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After creator backlash, YouTube loosened profanity and monetization rules

YouTube relaxed its controversial profanity rules today. The company claims the new rules created a “stricter approach” than intended. The new policy allows moderate and strong profanity without demonetization.

The November policy flagged videos with profanity in the first 15 seconds and made them ineligible for monetization, meaning YouTube wouldn’t run ads on them. Retroactively, some creators lost their monetization status.

YouTube planned to change the new rules in January.

YouTube is relaxing its rules to allow creators who use strong profanity in the first few seconds to qualify for limited ads. Ad revenue for such videos was eliminated in November. The company also notes that moderate or strong profanity after 7 seconds will be eligible for monetization, unless used repeatedly throughout the video. The November update again disallowed ad revenue for such videos.

YouTube will re-evaluate videos from November policy-affected creators.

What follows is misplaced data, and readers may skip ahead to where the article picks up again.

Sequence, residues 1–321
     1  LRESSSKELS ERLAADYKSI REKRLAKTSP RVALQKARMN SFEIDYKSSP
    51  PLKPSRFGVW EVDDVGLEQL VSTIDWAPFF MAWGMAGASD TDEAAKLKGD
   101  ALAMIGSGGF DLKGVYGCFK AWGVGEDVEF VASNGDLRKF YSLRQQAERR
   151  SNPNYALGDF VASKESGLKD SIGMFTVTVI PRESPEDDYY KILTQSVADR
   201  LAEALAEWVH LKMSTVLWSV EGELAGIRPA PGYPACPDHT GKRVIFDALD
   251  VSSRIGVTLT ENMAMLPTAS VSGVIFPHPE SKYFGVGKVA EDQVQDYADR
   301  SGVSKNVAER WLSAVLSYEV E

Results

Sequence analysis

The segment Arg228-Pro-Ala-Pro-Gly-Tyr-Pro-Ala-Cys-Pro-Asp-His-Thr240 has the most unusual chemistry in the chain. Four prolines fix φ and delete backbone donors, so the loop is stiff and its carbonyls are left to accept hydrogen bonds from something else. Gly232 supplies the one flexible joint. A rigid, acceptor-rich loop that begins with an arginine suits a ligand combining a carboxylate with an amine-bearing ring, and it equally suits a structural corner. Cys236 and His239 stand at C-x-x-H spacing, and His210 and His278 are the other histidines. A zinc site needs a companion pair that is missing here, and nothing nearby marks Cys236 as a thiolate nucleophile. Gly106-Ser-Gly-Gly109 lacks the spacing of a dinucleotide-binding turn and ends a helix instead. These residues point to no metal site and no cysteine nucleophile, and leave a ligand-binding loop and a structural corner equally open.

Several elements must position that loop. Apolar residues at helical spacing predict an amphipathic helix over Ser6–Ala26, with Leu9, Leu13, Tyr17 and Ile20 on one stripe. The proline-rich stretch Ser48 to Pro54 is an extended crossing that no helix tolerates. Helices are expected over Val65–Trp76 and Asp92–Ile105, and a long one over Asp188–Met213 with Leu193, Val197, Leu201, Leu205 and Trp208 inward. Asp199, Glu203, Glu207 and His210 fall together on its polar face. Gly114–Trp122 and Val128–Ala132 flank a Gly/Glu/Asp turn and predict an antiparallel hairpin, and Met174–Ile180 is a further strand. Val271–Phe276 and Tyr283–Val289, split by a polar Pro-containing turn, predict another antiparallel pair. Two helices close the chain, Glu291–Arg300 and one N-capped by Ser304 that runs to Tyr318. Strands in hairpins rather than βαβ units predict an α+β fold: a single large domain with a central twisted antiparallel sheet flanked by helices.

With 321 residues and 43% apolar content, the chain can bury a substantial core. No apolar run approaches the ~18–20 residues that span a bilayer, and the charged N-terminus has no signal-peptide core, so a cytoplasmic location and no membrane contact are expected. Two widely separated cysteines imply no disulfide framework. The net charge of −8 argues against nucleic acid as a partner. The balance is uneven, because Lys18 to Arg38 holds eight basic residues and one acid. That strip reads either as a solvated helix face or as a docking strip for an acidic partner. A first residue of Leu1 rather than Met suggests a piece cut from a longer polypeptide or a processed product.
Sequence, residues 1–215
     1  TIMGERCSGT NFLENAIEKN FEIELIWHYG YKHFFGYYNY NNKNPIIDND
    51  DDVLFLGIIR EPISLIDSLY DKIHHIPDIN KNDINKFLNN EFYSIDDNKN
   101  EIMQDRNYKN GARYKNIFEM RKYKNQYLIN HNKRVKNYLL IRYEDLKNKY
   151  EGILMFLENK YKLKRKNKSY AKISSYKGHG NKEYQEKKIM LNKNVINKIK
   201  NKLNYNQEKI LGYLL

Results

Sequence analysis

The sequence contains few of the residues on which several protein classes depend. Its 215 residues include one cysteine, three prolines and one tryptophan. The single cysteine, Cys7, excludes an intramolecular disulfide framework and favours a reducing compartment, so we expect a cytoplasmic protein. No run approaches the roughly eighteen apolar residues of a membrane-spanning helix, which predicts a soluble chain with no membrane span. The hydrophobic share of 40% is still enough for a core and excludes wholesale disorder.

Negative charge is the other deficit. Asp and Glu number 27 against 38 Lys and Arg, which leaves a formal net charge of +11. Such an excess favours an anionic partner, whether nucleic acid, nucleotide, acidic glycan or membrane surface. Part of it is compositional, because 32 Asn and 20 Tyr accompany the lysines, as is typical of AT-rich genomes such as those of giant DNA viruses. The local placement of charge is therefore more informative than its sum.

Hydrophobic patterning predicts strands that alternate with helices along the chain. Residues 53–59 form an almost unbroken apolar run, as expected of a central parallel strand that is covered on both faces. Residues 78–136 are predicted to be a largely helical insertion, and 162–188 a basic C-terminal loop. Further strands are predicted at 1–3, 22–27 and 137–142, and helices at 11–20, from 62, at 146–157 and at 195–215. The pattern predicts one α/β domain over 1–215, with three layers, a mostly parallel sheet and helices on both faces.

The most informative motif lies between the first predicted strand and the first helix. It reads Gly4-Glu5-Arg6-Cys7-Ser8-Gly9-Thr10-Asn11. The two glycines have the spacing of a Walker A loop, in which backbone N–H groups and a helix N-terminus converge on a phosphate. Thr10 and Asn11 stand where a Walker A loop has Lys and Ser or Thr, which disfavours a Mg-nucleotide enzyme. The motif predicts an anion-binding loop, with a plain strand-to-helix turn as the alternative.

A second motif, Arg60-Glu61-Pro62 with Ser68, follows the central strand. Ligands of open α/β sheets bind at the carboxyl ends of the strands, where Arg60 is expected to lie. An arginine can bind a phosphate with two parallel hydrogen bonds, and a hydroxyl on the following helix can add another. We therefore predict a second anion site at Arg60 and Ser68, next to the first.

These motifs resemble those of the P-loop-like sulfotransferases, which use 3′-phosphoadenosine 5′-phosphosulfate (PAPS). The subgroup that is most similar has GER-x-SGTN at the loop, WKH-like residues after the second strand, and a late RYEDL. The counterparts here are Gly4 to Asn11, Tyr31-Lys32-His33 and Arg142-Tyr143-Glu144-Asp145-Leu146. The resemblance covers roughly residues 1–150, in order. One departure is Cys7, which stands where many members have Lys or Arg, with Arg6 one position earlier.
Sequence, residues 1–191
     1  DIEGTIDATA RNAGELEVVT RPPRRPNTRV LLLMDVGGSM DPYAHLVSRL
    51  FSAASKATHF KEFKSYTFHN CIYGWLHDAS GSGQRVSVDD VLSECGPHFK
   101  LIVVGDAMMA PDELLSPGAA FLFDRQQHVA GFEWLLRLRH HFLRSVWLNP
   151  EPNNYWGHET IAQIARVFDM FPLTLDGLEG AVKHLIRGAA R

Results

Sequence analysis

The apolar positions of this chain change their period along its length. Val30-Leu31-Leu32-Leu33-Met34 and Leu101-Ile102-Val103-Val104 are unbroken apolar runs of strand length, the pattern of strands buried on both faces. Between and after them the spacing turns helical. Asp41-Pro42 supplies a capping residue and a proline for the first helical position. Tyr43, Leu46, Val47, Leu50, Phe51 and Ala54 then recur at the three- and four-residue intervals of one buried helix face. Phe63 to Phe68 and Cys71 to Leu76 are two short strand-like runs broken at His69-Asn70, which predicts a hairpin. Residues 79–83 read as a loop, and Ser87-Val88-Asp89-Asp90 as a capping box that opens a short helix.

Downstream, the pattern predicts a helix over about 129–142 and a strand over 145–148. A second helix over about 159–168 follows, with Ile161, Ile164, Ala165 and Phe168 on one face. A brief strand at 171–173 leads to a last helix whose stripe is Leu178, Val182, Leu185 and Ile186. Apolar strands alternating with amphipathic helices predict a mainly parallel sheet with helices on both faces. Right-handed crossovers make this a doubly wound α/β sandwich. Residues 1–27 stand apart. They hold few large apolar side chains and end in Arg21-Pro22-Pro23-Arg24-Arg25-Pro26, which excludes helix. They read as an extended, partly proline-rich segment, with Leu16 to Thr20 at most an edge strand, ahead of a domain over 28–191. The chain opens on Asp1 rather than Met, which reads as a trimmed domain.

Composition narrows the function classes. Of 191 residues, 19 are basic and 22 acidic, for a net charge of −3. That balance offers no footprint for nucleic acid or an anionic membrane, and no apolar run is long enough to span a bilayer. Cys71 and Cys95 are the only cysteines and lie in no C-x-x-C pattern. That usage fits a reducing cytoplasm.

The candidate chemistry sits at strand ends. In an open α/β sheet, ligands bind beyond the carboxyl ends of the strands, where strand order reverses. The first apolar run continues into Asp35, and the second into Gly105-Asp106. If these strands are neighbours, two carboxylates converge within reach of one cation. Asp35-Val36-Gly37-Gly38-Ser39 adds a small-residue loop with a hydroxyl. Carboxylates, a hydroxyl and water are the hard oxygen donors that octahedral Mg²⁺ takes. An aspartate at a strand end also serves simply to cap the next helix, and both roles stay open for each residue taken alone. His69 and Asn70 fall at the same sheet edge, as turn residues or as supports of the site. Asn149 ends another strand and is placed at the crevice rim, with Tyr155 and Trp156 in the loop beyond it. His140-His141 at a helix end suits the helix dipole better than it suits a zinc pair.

The company also clarified that background, backing, and intro/outro music with moderate or strong profanity can now earn full ad revenue. Ad revenue was previously absent for such content. As before the November update, profanity in titles and thumbnails is demonetized and cannot run ads.

The new policy begins today. Although the new policy is vague and doesn’t address all creators’ concerns, it should allow a large number of creators to continue monetizing their videos without major changes.

As the past few months have shown, retrofitting new monetization rules onto a platform like YouTube is a delicate balance.

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